Dennard testified that her emotional recovery takes longer time than her physical recovery and said the grief of losing a child “never really goes away.”
She said she considered going public with her story earlier but did not do so initially out of fear and because she was not ready.
In cross-examination, a representative for the state asked Dennard about her age and whether her pregnancy was higher risk because she was “over 35.” She then asked Dennard if she would have been “considered geriatric” due to her age, to which Dennard responded, sarcastically, “Well that’s a nice word,” adding, “Geriatric is not a medical term.”
Testimony from out of state physicians
The two physicians who testified Thursday practice medicine in Oregon and Massachusetts, but said they would find it difficult to practice medicine in Texas under the bans.
“My opinion is that the laws as they’re currently written — the medical exceptions — they’re confusing. And that confusion and lack of clarity is keeping physicians from being able to exercise their good faith judgment in the treatment of patients,” said Dr. Ali Shahbizraja, an emergency medicine physician at Massachusetts General Hospital.
“It, also, is pretty evident that the fact is that the consequences of those laws are severe, personally, to the physicians themselves. And as a consequence of that, they are going to they’re going to, in patients where there’s a gray zone and there’s a lack of clarity, they’re going to err on the side of not treating,” Shahbizraja said.
Shahbizraja testified that this appeared to be the case when physicians were treating patients who are plaintiffs in this lawsuit.
“It’s making it hard to determine when physicians can act and exercise that in good faith clinical judgment, and that’s clear based on the patient’s understanding of their discussions with their physicians in their affidavits,” Shahbizraja said.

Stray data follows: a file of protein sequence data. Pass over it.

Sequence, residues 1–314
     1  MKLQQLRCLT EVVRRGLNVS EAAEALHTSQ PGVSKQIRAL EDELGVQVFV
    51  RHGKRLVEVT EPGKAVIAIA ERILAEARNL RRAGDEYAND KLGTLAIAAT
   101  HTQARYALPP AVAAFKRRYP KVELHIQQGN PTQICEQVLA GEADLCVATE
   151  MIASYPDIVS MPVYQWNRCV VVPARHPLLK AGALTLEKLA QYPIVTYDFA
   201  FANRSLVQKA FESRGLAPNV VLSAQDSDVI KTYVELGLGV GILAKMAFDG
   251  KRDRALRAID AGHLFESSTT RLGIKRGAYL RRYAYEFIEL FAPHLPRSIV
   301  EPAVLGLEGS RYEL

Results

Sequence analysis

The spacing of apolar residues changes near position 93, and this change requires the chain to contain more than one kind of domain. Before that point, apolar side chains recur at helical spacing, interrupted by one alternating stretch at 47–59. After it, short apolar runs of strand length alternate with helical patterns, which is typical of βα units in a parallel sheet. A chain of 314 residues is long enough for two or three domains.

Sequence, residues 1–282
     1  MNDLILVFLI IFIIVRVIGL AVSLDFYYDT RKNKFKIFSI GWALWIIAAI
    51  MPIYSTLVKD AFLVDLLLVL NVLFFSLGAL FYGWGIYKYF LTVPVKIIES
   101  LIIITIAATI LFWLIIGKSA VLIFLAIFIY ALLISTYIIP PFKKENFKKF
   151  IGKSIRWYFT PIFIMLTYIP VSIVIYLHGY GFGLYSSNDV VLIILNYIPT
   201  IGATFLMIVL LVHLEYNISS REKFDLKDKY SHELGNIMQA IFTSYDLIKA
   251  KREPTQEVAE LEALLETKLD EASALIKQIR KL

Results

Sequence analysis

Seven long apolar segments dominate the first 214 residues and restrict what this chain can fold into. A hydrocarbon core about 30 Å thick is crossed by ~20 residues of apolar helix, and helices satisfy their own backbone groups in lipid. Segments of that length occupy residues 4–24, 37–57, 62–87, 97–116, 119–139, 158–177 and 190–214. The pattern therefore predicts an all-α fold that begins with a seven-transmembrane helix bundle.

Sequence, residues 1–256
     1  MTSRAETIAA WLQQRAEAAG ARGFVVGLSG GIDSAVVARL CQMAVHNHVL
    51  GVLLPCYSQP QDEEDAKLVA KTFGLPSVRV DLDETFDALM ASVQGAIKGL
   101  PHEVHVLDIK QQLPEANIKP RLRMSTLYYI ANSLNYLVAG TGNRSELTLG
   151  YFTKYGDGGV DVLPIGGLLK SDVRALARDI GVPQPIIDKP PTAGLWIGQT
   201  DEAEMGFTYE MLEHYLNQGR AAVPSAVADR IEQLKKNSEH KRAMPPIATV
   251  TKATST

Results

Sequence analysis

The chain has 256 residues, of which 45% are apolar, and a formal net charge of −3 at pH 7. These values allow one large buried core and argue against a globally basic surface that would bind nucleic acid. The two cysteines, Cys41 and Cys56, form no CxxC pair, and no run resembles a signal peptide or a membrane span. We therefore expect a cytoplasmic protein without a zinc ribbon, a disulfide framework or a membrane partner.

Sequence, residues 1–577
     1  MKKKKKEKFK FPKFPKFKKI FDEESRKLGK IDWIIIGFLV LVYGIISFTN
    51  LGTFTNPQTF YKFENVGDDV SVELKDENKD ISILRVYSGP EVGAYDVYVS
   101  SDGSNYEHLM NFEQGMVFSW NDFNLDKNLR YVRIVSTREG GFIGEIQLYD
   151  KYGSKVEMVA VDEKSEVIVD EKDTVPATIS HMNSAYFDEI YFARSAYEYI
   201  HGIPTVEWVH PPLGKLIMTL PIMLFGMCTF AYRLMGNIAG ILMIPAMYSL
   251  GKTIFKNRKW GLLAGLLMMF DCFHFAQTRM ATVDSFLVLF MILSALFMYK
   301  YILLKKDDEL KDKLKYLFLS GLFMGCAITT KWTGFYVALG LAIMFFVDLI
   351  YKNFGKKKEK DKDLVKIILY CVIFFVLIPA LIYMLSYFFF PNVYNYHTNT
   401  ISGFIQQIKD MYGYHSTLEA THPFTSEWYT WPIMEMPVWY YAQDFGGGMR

Another expert agreed and said wording of the laws would scare physicians.
“Given that physicians in Texas are practicing under the abortion ban — where if they’re prosecuted they carry risk of losing their license, their livelihood and time in jail — they’re going to practice the most conservatively as possible,” Dr. Aaron Caughey, a maternal fetal medicine specialist at Oregon Health & Science University, testified in court Thursday.
“It is hard to create a list that would delineate all the conditions that would meet a medical indication for abortion. I gave some examples above to give a sense of how you might think about it. But creating an exhaustive list, I believe, would be an impossible task,” Caughey said.
Caughey also testified to the care the women who are plaintiffs in the lawsuit could have received in the absence of Texas’ bans.
Texas OB-GYN testifies for the state
Dr. Ingrid Skop, a Texas OB-GYN, testified as an expert witness for the state Thursday, arguing that abortion care hadn’t changed in Texas despite the state’s ban on the procedure. Skop works for the Charlotte Lozier Institute, an anti-abortion group, and has shared her views on abortion publicly in the past.
She said many physicians in Texas are confused about the new abortion law and are misinterpreting it because they don’t understand it, which has led to “suboptimal care.”
“The law is quite clear,” Skop said. “The fault lies with the physicians are not being given guidance by the organizations that usually will give them guidance — the medical societies and the hospital societies.”
“They should have known they could intervene,” she added in reference to reports of women who have been in life-threatening situations after not being able to get an abortion in Texas. “They should not have waited until women were on the verge of death and going to the ICU to intervene.”
Skop also argued that, in situations where a fetus cannot be saved, she believes induction is more appropriate than performing a procedure such as dilation and curettage.